They vary, some are just a few years, others are 10 or 20 years until maturity. I believe Apple have already paid off the earliest bond issue with the shortest term.

    No they can't, unless they repatriate that cash. The bonds were issued by Apple Inc in the USA, so must be repaid by that same entity. Otherwise that would be blatant tax evasion.
    sh to pay debt they've taken at low interest rates which helps them delay bringing that cash back, don't they?
  • Reply 8 of 13
    crowleycrowley Posts: 6,057member
    latifbp said:
    They use that cacrowley said:
    They vary, some are just a few years, others are 10 or 20 years until maturity. I believe Apple have already paid off the earliest bond issue with the shortest term.

    No they can't, unless they repatriate that cash. The bonds were issued by Apple Inc in the USA, so must be repaid by that same entity. Otherwise that would be blatant tax evasion.
    sh to pay debt they've taken at low interest rates which helps them delay bringing that cash back, don't they?
    What debt?  An Apple legal entity in one country cannot pay the debts of another Apple legal entity in a different country.
  • Reply 9 of 13
    latifbplatifbp Posts: 544member
    crowley said:
    latifbp said:
    They use that cacrowley said: sh to pay debt they've taken at low interest rates which helps them delay bringing that cash back, don't they?
    What debt?  An Apple legal entity in one country cannot pay the debts of another Apple legal entity in a different country.
    You're not aware that Apple is taking on debt here rather than repatriating their overseas cash?
    jbdragon
  • Reply 10 of 13
    crowleycrowley Posts: 6,057member
    latifbp said:
    crowley said:
    What debt?  An Apple legal entity in one country cannot pay the debts of another Apple legal entity in a different country.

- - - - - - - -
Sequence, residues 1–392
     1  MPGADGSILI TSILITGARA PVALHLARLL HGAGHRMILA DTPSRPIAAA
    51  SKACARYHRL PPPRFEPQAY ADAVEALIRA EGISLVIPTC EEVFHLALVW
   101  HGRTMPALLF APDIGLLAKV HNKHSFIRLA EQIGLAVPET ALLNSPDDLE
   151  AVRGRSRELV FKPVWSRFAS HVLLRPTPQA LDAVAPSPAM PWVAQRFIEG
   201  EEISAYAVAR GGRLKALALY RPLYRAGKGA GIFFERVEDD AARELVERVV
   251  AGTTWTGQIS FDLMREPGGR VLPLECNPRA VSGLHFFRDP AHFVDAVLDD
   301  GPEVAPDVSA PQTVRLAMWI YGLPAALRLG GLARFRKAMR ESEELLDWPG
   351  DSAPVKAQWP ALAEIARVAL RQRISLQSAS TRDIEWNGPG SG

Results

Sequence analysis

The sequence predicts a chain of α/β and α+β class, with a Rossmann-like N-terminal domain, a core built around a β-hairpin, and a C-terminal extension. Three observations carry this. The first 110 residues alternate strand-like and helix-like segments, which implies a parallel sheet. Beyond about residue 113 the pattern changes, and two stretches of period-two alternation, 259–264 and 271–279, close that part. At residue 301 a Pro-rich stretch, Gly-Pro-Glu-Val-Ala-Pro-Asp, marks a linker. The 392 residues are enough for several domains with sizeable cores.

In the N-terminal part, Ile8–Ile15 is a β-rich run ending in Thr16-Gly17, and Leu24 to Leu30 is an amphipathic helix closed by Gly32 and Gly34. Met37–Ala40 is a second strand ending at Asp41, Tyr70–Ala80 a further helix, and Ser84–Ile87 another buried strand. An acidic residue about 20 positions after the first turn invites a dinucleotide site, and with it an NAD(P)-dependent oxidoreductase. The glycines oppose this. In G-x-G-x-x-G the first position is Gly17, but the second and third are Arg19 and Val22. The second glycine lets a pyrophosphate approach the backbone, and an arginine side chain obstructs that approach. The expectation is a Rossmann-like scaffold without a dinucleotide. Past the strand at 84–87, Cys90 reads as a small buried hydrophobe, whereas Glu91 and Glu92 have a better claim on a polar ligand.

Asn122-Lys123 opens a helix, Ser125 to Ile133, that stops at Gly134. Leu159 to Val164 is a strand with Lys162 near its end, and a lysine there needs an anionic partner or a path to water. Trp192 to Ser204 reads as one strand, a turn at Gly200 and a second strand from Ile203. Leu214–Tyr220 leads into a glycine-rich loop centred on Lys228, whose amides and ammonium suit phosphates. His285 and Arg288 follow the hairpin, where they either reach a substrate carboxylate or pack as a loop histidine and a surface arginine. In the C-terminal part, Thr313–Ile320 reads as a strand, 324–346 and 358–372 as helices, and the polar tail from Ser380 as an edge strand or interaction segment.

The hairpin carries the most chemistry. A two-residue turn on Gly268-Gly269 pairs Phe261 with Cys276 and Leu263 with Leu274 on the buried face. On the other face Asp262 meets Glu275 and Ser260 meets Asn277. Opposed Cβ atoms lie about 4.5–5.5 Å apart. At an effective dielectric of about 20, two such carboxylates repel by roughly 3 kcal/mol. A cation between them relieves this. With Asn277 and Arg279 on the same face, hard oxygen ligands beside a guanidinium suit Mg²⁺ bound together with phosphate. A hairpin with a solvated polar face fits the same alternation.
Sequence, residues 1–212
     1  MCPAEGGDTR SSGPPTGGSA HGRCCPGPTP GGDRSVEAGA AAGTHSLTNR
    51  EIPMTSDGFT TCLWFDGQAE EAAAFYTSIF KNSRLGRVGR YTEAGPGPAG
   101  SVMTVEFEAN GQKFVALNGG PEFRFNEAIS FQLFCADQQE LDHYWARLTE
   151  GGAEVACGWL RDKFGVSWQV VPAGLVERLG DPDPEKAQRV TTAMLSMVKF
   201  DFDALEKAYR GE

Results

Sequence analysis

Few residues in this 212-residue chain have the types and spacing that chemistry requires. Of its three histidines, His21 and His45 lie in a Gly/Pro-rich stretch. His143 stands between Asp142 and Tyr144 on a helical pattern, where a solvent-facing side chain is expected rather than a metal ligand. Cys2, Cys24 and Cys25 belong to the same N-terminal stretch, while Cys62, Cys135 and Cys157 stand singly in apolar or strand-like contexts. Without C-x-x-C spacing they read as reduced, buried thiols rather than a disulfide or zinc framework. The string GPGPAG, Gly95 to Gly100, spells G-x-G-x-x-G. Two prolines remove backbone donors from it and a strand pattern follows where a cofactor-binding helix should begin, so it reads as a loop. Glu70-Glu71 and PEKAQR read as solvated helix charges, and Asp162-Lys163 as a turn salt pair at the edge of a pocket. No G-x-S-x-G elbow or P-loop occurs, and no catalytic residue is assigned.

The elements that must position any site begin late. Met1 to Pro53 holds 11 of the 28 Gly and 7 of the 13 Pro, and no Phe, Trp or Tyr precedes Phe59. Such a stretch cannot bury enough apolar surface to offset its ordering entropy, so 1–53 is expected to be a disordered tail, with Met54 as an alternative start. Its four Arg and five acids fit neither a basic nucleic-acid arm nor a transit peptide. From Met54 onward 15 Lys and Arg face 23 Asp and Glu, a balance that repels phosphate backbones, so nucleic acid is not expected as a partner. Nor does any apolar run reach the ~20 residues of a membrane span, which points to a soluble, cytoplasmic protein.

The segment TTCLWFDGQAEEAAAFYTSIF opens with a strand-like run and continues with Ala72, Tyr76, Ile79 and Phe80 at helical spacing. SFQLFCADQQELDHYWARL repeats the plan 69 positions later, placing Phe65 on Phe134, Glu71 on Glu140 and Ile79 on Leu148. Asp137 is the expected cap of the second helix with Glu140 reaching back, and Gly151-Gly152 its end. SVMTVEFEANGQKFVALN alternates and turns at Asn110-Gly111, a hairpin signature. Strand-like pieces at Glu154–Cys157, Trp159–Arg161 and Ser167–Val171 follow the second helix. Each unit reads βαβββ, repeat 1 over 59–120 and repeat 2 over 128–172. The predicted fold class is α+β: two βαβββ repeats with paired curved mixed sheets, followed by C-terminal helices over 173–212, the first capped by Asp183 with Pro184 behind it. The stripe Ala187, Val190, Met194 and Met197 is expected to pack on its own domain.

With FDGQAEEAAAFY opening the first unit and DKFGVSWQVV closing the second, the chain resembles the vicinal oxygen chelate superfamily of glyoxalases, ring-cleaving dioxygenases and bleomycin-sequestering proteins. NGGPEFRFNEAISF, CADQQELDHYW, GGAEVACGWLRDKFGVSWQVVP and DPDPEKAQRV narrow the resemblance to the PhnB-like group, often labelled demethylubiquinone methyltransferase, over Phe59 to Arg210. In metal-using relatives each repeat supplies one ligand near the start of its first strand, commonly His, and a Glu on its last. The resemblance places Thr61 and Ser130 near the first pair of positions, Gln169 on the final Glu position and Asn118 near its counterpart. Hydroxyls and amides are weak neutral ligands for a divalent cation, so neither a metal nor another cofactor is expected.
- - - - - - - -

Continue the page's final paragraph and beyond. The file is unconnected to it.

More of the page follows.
You're not aware that Apple is taking on debt here rather than repatriating their overseas cash?
    I'm aware that they're taking on debt, but not which particular debt you're referring to, or which cash, or which subsidiary or holding company is the owner of the undefined debt or cash.

    As I said, whichever debt and cash you're referring to, Apple's subsidiaries in one country cannot directly pay the debts of another subsidiary or the mother company.
  • Reply 11 of 13
    latifbplatifbp Posts: 544member
    crowley said:
    latifbp said:
    You're not aware that Apple is taking on debt here rather than repatriating their overseas cash?
    I'm aware that they're taking on debt, but not which particular debt you're referring to, or which cash, or which subsidiary or holding company is the owner of the undefined debt or cash.

    As I said, whichever debt and cash you're referring to, Apple's subsidiaries in one country cannot directly pay the debts of another subsidiary or the mother company.
    Are you really that eager to go there again? 
  • Reply 12 of 13
    crowleycrowley Posts: 6,057member
    latifbp said:
    crowley said:
    I'm aware that they're taking on debt, but not which particular debt you're referring to, or which cash, or which subsidiary or holding company is the owner of the undefined debt or cash.

    As I said, whichever debt and cash you're referring to, Apple's subsidiaries in one country cannot directly pay the debts of another subsidiary or the mother company.
    Are you really that eager to go there again? 
    No idea what you're talking about, or why you're disliking my posts; I'm just telling you my understanding of the situation.